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Emma Rothberg
Emma Rothberg

The National Women’s History Museum has named Emma Rothberg, a Ph.D. candidate in the Department of History, as an inaugural U.S. Supreme Court Ruth Bader Ginsburg Predoctoral Fellow in Gender Studies. The fellowship, named in honor of the late U.S. Supreme Court justice, is meant to support the museum’s education department and assist in content creation for its online learning resources. As a graduate student at the University of North Carolina at Chapel Hill, Rothberg’s research focuses on gender, urban, labor, and cultural history in the United States. Specifically, her dissertation focuses on urban parading culture between 1870 and 1920 and examines questions around democracy and citizenship as the nation urbanized.

“I’ve always been really into the ways in which we identify ourselves and tell our own histories, whether they be individual, family, or national stories,” Rothberg said. “I’ve always been interested in stories, and history is ultimately a really great tale.”

At the online museum, Rothberg works within the education department and has answered research questions, written biographies of women throughout history, and curated digital exhibits, among other tasks.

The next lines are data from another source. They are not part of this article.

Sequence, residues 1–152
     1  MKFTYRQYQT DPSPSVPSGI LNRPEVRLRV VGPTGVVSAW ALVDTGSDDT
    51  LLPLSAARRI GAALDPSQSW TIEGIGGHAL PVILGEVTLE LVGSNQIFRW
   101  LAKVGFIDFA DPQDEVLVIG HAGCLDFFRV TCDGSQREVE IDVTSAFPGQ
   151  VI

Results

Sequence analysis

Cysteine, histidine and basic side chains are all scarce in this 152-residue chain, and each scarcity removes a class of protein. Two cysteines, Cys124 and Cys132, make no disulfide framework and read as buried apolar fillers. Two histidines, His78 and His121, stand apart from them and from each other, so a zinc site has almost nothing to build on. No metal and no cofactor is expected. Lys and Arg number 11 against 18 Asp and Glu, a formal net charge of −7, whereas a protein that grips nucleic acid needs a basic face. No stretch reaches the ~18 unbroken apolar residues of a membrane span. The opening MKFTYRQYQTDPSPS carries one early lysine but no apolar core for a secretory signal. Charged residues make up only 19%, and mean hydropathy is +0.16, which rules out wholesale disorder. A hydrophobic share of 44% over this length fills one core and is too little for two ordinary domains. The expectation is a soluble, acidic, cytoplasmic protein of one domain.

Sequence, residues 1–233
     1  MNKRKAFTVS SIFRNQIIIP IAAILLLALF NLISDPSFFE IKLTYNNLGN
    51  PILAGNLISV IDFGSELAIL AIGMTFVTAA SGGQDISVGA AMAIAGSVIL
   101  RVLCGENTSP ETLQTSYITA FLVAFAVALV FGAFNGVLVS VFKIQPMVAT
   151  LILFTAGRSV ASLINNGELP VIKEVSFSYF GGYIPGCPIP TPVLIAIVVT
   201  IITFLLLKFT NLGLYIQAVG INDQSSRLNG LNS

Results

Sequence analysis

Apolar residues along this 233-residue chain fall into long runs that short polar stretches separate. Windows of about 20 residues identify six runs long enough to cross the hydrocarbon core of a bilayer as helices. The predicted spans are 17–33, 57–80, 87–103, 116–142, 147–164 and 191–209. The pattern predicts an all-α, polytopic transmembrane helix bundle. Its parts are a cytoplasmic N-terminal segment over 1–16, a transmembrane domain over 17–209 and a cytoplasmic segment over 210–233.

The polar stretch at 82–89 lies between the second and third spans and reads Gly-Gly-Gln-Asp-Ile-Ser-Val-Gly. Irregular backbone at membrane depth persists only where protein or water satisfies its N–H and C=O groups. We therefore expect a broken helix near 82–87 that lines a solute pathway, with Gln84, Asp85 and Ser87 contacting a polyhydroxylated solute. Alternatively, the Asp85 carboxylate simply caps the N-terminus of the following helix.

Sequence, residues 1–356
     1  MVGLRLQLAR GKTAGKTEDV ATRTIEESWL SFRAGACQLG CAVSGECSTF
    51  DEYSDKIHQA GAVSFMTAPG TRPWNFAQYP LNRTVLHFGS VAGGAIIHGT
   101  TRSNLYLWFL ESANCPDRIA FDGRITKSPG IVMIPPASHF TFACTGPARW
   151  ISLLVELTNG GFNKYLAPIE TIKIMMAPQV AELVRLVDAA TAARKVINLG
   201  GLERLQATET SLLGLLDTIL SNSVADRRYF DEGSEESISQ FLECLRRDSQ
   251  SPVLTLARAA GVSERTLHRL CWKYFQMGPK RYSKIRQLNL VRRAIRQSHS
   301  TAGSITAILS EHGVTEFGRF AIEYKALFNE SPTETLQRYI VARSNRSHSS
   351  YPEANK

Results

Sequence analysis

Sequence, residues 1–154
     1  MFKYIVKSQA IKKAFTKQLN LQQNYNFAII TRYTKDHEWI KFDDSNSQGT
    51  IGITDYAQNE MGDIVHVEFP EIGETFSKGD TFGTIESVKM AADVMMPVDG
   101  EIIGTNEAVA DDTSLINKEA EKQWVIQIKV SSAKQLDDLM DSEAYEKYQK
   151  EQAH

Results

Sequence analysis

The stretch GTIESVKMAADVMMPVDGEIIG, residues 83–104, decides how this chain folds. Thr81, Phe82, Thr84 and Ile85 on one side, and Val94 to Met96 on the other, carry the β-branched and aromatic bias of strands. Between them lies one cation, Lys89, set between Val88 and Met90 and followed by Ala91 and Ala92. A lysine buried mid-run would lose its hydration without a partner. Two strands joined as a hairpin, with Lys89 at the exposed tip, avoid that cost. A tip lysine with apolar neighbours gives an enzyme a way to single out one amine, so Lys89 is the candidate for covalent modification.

“I hope I am doing every small part that I can to show that women’s history is not secondary—that it should be part of our education,” Rothberg said. “I hope that every time I answer a question for a high school student, and we can tell them about an individual woman or women’s movement, they’ll see that it’s just as integral to the history of the United States.”

Rothberg arrived at UNC-Chapel Hill following completion of her undergraduate degree at Wesleyan University in 2015. W. Fitzhugh Brundage, the William Umstead Distinguished Professor, is her dissertation adviser.

According to Rothberg, the fellowship, which runs through 2022, will allow her to continue her graduate studies while gaining on-the-ground experience in museum education.

“To be able to get back to doing something I’m passionate about, which is helping the public understand stories of really amazing women, is such an honor.”

The Department of History is housed in the College of Arts and Sciences. Brundage, Ph.D., joined the University in 2002.

By Elizabeth Poindexter, The Graduate School

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